NIGGER to NIPA
NIGGER, s. It is an old brutality of the Englishman in India to apply this title to the natives, as we may see from Ives quoted below. The use originated, however, doubtless in following the old Portuguese use of negros for the blacks (q.v.), with no malice prepense, without any intended confusion between Africans and Asiatics.
1539.See quot. from Pinto under COBRA DE CAPELLO, where negroes is used for natives of Sumatra.
NILGHERRY, NEILGHERRY, &c., n.p. The name of the Mountain Peninsula at the end of the Mysore
table land (originally known as Malainadu, Hill country), which is the chief site of hill sanataria in the
Madras Presidency. Skt. Nilagiri, Blue Mountain. The name Nila or Niladri (synonymous with Nilagiri)
belongs to one of the mythical or semimythical ranges of the Puranic Cosmography (see Vishnu Purana,
in Wilsons Works, by Hall, ii. 102, 111, &c.), and has been applied to several ranges of more assured
locality, e.g. in Orissa as well as in S. India. The name seems to have been fancifully applied to the
Ootacamund range about 1820, by some European. [The name was undoubtedly applied by natives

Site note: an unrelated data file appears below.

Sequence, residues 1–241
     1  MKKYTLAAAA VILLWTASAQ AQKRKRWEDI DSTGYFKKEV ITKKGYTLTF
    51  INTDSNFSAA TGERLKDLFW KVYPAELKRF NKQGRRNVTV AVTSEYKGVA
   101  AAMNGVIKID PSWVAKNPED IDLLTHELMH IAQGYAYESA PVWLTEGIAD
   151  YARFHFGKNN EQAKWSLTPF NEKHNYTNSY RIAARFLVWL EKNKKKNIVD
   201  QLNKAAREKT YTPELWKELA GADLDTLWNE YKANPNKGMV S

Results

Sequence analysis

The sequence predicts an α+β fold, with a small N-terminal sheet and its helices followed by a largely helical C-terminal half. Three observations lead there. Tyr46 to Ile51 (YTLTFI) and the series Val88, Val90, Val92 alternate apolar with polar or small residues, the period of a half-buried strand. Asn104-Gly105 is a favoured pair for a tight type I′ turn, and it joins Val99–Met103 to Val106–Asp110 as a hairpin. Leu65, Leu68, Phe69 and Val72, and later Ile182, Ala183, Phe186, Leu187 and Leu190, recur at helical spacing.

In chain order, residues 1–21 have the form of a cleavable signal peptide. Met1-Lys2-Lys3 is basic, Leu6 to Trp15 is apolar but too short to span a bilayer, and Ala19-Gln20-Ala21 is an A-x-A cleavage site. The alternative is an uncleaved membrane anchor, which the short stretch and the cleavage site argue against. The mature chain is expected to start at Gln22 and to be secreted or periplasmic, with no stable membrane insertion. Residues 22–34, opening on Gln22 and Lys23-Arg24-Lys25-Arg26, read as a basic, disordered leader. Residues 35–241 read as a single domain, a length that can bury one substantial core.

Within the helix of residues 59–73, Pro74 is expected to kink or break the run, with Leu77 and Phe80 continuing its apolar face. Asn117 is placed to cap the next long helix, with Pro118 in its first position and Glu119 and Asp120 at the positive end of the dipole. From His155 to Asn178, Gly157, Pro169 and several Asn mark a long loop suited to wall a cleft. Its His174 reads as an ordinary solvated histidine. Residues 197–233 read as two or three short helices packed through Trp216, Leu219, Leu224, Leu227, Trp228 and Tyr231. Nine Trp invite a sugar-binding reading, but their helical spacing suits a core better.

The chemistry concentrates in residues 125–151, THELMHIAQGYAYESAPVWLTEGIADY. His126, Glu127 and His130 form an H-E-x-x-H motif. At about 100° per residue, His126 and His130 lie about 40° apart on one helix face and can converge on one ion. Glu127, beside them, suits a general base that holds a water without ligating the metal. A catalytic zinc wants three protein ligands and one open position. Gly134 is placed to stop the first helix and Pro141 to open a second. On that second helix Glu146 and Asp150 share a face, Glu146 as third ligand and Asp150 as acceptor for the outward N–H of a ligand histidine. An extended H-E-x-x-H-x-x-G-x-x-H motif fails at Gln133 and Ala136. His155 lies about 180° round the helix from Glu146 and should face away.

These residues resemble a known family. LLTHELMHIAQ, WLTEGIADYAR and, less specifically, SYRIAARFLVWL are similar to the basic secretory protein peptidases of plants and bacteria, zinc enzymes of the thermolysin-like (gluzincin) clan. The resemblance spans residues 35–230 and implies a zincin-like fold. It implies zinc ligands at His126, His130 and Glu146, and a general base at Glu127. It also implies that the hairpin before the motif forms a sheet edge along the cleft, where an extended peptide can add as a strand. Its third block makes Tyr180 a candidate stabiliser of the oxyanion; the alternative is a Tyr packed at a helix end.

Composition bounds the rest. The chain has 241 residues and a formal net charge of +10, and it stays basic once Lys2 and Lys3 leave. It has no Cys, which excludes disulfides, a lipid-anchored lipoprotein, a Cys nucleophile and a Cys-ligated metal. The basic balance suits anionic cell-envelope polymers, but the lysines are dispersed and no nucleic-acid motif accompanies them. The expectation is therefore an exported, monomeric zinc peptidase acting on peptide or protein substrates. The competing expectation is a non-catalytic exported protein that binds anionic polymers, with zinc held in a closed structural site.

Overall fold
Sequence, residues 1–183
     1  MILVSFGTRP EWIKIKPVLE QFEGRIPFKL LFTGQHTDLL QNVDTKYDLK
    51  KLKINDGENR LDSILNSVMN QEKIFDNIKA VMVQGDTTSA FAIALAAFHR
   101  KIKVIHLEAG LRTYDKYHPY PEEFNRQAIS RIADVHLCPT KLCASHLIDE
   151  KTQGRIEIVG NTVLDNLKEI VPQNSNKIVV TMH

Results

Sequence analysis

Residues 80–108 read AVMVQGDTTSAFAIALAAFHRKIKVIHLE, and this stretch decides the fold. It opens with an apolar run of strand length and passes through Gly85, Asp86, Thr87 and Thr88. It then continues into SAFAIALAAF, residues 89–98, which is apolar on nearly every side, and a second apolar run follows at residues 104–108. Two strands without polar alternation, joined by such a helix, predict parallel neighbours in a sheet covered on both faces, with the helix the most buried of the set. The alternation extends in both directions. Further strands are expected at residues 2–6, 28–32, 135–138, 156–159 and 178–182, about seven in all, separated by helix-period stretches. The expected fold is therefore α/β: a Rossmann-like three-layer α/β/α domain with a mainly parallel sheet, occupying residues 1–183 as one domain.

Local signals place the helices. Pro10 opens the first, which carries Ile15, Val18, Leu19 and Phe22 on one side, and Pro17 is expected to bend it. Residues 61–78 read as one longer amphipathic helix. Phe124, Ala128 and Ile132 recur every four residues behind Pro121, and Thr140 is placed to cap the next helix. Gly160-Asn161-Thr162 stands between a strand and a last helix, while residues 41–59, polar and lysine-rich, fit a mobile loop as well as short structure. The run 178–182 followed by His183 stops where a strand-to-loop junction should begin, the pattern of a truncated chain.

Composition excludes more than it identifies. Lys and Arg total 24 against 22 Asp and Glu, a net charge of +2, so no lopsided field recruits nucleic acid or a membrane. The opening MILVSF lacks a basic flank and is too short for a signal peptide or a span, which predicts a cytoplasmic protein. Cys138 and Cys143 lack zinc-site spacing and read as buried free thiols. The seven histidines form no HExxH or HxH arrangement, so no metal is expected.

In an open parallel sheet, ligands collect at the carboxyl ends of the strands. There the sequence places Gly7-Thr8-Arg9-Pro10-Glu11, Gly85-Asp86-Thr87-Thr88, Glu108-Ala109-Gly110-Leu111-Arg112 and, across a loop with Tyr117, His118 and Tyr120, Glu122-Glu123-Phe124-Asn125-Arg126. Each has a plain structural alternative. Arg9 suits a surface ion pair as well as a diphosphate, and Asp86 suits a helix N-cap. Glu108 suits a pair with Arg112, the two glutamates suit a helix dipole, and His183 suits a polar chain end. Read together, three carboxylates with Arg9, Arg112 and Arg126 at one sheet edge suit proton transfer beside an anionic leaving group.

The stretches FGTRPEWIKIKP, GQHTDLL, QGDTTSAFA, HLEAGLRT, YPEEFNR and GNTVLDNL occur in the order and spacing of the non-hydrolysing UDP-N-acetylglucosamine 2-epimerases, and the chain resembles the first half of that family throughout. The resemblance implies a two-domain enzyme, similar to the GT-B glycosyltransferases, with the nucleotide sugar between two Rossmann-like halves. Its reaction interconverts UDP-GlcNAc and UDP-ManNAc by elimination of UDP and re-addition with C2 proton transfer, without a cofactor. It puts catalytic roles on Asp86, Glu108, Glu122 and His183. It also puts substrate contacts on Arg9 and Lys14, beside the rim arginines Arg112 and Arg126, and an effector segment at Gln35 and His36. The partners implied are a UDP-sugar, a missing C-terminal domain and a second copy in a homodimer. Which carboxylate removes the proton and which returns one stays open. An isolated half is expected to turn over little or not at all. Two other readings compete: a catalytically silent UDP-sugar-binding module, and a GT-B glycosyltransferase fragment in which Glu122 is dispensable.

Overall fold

to the range before the appearance of Europeans, as in the Kongu-desa Rajákal, quoted by Grigg (Nilagiri
Man. 363), and the name appears in a letter of Col. Mackenzie of about 1816 (Ibid. 278). Mr.
T. M. Horsfall writes : The name is in common use among all classes of natives in S. India, but when
it may have become specific I cannot say. Possibly the solution may be that the Nilgiris being the first
large mountain range to become familiar to the English, that name was by them caught hold of, but not
coined, and stuck to them by mere priority. It is on the face of it improbable that the Englishmen who
early in the last century discovered these Hills, that is, explored and shot over them, would call them by
a long Skt. name.]
One of the English ships was called the Nellegree, the name taken from the Nellegree Hills in Bengal, as I have heard.Dampier, ii. 145.The following also refers to the Orissa Hills :
1752.Weavers of Balasore complain of the great scarcity of rice and provisions of all kinds occasioned by the devastations of the Mahrattas, who, 600 in number, after plundering Balasore, had gone to the Nelligree Hills.In Long, 42.
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